“I assure you that the vast majority of people involved in the riots and robberies cannot point to China or Taiwan on the map,” he said. “They are opportunists because their economic opportunities are very limited. This is a very poor country with a high youth unemployment rate. It just shows how quickly these things are out of control in a turbulent country.”

A plane carrying Australian police and diplomats arrived in Honiara on Thursday night to help local police restore order.

As many as 50 Australian police and 43 Defence Force personnel and a naval patrol boat were scheduled to arrive on Friday.

Sogavare requested them based on a bilateral treaty with Australia. Although the existence of an independent force is small, it seems to help quell some violence.

Australia has a history of assisting the Solomon Islands and intervened after years of bloody ethnic violence called “tension” in 2003. The Australian-led international police and military called the Solomon Islands Regional Assistance Mission helped restore peace and left in 2017.

Australian Foreign Minister Marise Payne said that Australian personnel are expected to be on standby “within a few weeks.”

Payne told reporters on Friday that she had no sign that other countries had provoked riots.

“We didn’t show this at all,” Payne said.

Australia did not help protect the National Assembly and the administrative building, which shows that it is not on the side of politics.

“We are already very clear. Our point is that we don’t want to see violence,” Payne said. “We very much hope to restore stability.”

Local journalist Gina Kekea said that the shift to Beijing’s foreign policy with little public consultation was one of a series of issues that led to protests. There are also complaints that foreign companies do not provide local jobs.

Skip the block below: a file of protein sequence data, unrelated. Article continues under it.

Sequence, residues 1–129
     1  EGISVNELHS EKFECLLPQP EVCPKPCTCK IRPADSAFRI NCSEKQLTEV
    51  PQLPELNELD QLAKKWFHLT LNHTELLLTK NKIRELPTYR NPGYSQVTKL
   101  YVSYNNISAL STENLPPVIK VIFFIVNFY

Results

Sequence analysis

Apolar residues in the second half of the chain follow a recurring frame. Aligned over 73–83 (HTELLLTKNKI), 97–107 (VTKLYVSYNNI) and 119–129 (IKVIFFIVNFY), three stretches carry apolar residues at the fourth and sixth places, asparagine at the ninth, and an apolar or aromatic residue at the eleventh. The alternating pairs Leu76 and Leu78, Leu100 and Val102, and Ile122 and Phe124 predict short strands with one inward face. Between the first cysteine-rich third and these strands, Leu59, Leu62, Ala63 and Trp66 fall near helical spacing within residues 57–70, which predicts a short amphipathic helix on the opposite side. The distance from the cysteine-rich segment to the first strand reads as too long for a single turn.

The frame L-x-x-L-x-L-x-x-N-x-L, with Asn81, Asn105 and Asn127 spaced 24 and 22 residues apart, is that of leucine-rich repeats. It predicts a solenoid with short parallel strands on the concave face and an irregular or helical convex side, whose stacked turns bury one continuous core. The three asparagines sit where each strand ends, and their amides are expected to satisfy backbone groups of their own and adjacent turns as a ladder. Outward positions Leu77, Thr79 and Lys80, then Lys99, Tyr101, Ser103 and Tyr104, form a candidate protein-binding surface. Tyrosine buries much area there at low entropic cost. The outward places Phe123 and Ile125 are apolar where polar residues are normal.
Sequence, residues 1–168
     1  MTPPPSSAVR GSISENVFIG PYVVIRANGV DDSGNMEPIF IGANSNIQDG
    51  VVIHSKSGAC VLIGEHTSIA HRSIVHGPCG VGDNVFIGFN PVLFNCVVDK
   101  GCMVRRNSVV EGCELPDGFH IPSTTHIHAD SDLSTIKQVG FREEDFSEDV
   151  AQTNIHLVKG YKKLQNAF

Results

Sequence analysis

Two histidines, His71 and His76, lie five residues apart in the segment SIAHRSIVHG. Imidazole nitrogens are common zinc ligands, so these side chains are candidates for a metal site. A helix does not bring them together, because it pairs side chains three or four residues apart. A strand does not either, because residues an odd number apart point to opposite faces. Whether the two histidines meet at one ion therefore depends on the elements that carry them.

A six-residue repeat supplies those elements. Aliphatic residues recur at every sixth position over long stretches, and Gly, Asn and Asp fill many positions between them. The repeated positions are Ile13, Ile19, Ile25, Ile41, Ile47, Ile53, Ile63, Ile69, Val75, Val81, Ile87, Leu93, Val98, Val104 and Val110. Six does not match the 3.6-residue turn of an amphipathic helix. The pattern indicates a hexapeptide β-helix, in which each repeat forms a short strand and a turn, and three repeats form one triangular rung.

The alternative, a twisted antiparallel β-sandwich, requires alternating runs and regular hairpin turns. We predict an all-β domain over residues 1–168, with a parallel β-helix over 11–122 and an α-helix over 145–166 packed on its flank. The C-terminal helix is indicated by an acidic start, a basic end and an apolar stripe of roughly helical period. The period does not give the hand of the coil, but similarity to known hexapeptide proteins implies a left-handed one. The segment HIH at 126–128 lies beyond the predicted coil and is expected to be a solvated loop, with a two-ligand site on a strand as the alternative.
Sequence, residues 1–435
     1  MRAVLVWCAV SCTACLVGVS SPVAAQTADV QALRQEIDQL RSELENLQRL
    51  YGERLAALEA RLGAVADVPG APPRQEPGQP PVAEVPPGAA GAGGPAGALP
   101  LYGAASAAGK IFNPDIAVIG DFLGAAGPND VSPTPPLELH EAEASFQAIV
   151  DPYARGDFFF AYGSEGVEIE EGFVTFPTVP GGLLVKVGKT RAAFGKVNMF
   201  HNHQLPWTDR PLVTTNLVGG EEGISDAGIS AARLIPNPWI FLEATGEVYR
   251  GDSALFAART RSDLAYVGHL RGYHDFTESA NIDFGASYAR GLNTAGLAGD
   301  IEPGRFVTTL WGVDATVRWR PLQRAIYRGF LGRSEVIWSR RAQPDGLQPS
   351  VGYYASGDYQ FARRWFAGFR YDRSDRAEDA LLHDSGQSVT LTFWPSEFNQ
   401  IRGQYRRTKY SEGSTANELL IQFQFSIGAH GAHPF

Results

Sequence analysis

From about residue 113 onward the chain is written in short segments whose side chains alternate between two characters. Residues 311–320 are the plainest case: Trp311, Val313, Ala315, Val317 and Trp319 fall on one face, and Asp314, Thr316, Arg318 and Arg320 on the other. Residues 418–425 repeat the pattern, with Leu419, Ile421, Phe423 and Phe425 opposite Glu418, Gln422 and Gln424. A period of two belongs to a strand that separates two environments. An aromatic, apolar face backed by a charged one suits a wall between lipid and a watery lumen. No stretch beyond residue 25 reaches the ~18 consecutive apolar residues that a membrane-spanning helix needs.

“Chinese companies and (other) Asian companies… seem to have taken on most of the work, especially in the area of ​​resource extraction, which is of intense concern,” Kekea said.

Kekea said that in Chinatown on Friday, protesters were replaced by looters and scavengers.

“It’s been two days, two whole days of robberies, protests and riots, and Honiara is just a small city,” Kekea said. The capital has 85,000 residents.

“So I think they have nothing to plunder and destroy now,” she said.

Australian Prime Minister Scott Morrison questioned whether Chinese citizens and companies are being targeted. He described the riots as “a bit complicated” and pointed out that Chinatown was the scene of the riots before Australia’s 2003 intervention.

Chinese Foreign Ministry spokesman Zhao Lijian condemned the violence on Friday and emphasized Beijing’s support for the Solomon Islands government. He said that China is taking measures to safeguard the safety and rights of Chinese people and institutions in China.

“We believe that under the leadership of Prime Minister Sogavare, the Solomon government can restore order and stabilize the domestic situation as soon as possible,” he said.

The establishment of diplomatic relations with Beijing “has the sincere support of the people”, and “any attempt to disrupt the normal development of China-Sinoban relations is futile,” Zhao said.


Rising reports from Bangkok.